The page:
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New Economy Project joined hundreds of groups from across the country to support the Consumer Financial Protection Bureau’s ban on mandatory arbitration clauses. The rule will restore people’s ability to band together in court to pursue claims, is a significant step forward in the ongoing fight to curb predatory practices in consumer financial products and services.

For years, car insurance companies have systematically discriminated against New Yorkers of color, lower-income New Yorkers, immigrants, and women, overcharging them for car insurance on the basis of non-driving-related factors, including their occupations and education levels. New Economy Project urges the NYS Department of Financial Services to issue a strong final rule that bans this unfair and discriminatory practice.

New Economy Project opposes the proposed bill, which fails to adequately protect workers from unfair fees and other abusive payroll card practices. Indeed, the bill would directly undercut NYS Department of Labor’s (DOL) strong payroll card regulations, adopted last year, which community, labor, consumer, and civil rights groups across the state have enthusiastically supported.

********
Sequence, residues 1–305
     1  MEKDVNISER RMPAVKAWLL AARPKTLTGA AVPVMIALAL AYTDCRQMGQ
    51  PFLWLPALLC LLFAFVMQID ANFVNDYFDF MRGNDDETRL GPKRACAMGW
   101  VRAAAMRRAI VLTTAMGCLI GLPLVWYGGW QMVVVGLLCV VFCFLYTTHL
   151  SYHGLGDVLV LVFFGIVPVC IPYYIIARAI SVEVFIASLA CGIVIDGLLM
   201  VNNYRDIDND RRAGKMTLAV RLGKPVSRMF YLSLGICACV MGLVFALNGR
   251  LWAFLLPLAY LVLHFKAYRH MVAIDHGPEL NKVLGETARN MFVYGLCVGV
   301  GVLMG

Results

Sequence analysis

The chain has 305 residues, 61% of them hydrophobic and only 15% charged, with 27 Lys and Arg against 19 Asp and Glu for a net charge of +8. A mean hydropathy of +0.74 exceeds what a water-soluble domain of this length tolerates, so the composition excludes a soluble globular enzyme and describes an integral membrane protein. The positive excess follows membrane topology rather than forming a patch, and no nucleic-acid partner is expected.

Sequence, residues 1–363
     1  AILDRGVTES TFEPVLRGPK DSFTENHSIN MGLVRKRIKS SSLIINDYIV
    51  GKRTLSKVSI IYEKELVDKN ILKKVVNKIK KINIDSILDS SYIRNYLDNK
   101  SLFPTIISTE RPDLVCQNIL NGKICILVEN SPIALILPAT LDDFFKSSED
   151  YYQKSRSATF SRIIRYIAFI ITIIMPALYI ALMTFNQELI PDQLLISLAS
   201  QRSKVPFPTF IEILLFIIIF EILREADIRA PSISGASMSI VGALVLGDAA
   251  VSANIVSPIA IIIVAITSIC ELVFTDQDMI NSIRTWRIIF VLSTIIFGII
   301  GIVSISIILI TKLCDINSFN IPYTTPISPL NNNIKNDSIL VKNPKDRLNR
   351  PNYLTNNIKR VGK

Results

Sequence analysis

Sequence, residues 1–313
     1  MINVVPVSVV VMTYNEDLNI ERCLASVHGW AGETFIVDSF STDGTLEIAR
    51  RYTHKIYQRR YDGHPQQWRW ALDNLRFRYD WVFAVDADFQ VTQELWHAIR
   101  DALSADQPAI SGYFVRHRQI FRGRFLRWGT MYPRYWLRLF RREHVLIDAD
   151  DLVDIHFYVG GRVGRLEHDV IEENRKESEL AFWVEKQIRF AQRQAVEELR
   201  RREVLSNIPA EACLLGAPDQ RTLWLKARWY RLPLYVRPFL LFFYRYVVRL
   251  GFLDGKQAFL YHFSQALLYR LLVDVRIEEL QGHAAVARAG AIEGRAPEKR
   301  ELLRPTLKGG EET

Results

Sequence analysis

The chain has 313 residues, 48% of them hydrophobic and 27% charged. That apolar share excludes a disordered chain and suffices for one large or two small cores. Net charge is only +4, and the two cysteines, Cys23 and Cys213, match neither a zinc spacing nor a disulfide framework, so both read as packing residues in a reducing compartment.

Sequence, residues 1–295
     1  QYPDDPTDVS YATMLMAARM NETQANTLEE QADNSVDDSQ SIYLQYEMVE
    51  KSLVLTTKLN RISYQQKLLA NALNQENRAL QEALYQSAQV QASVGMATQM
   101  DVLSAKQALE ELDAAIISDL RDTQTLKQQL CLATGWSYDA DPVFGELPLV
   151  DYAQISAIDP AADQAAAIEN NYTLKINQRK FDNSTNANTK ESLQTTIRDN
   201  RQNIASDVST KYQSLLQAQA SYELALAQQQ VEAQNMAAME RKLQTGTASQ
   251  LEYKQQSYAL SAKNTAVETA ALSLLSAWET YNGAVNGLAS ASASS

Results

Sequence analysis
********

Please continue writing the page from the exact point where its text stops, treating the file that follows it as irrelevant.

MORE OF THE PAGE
The undersigned elected officials and organizations call on you as members of the New York City Banking Commission to remove Wells Fargo Bank from the City’s list of designated banks. As you may know, Wells Fargo’s federal regulator, the Office of the Comptroller of the Currency (OCC), recently downgraded the bank’s CRA rating to “Needs to Improve,” citing “an extensive and pervasive pattern” of discriminatory and illegal lending practices.

We are extremely concerned about new attempts to undermine our state’s strong consumer protection laws – this time by online lenders that seek to circumvent or diminish our state’s usury laws, firmly on New York’s books since colonial days. We see a clear need for increased consumer protections in the online lending space, and to counter misrepresentations made by industry members as they press legislators for less regulatory oversight and enforcement. We approach the hearing topic today, in terms of the implications of online lending for economic and racial justice, and for equitable community development.